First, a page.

From the Archives: Def Touch: Russell Simmons
In its April-May 1992 issue Worth profiled budding entrepreneur Russell Simmons, who had just launched Rush Communications and had founded Def Jam Records almost a decade prior. Now credited with helping to introduce black culture to the mainstream, Simmons went on to become a hip-hop mogul with an estimated net worth of $340 million in 2016.
Russell Simmons embraces his multiline phone like a drowning man grasping a lifeline. Indeed, if the phone should ever go dead, Simmons would be lost. Simmons, 34, is head of Rush Communications, a year-old entertainment company nurtured on his rapid-fire talk and a talent for hype and image-making. His goal? To sell black culture to anyone who will listen.
So many people have listened since Simmons and a then-partner launched Def Jam Records nine years ago that the hydra-like Rush is today worth about $50 million, with gross revenues of $35 million. With Def Jam recording Public Enemy, LL Cool J and Third Bass, among others, and with six other labels, plus companies that manage producers and artists and develop film and television projects, Rush is the largest black-owned business in the entertainment industry.
Simmons’ goal? To sell black culture to anyone who will listen.
“Simmons gets maximum respect because he pioneered a whole movement, brought it into the mainstream,” says Jon Shecter of The Source, a magazine devoted to rap music. And through a joint venture with CBS, he’s got the clout to ask for the best deals and promotion.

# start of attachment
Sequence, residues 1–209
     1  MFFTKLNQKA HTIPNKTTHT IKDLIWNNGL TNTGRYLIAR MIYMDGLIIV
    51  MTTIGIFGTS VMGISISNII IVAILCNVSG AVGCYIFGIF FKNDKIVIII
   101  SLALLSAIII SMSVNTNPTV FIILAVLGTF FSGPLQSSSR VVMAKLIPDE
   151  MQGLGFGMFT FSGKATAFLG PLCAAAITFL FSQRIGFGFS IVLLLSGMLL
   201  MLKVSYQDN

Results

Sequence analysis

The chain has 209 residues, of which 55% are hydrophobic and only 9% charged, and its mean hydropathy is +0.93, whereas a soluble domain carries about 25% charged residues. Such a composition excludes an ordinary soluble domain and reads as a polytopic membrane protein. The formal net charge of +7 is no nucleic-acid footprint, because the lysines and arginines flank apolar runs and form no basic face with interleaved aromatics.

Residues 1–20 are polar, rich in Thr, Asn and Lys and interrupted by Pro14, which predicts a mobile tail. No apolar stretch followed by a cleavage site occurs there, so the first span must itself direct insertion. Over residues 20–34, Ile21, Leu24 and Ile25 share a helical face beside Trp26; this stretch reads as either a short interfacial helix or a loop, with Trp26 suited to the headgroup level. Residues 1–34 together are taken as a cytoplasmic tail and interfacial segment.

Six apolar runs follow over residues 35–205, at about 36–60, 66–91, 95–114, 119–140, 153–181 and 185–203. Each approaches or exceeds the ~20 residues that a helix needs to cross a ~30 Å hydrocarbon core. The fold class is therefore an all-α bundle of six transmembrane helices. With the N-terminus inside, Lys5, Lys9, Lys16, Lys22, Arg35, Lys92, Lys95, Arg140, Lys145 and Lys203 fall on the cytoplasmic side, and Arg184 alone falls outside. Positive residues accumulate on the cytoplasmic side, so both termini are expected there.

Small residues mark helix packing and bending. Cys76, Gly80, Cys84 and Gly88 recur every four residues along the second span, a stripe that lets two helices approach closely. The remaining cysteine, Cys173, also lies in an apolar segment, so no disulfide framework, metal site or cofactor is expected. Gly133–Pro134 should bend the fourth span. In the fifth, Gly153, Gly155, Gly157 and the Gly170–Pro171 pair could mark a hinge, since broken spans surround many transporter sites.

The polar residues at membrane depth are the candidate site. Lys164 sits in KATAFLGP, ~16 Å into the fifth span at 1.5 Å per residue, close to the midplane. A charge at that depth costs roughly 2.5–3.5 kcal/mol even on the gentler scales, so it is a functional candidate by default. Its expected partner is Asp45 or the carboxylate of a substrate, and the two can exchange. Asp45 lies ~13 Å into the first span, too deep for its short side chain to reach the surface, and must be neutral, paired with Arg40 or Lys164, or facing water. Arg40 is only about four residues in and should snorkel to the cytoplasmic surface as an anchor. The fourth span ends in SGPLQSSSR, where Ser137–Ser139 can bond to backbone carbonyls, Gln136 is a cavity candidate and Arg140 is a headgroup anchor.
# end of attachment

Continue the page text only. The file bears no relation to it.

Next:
Simmons’ phone rings: “How-ya-doin’-I’ll-call-you-from-the-car.” Slam. Smile.
Simmons has the look of a late-night buddah, with three days’ stubble covering his round face. A sociology major who left City College of New York after his second year, he speaks in bursts of ack-ack fire, rarely completing a sentence.
“The market’s come to us,” Simmons says with pride.” We haven’t gone to them. Why? Because we don’t make records, music or television for black people, but for people who consume black culture.” Those consumers spent about $1.37 billion last year on the wide world of rap.
The phone again: “That’s very fly, baby. I’ll call you from the car.”
Simmons’ critics say he creates fantasies of black street life to satisfy a white taste for heightened urban realism. But he’s convinced there’s a historical value to rap: “N.W.A.’s Life in Compton is the only thing that will tell us in the year 2050 what growing up in the ghetto was like,” he contends.
He also upholds Public Enemy, which created a furor with its anti-Semetic and misogynist lyrics, for introducing Afrocentrism to black youth. “Public Enemy is singing about black power with pride.”
Next question?—Elizabeth Royte
Reprinted from the April-May 1992 issue of Worth.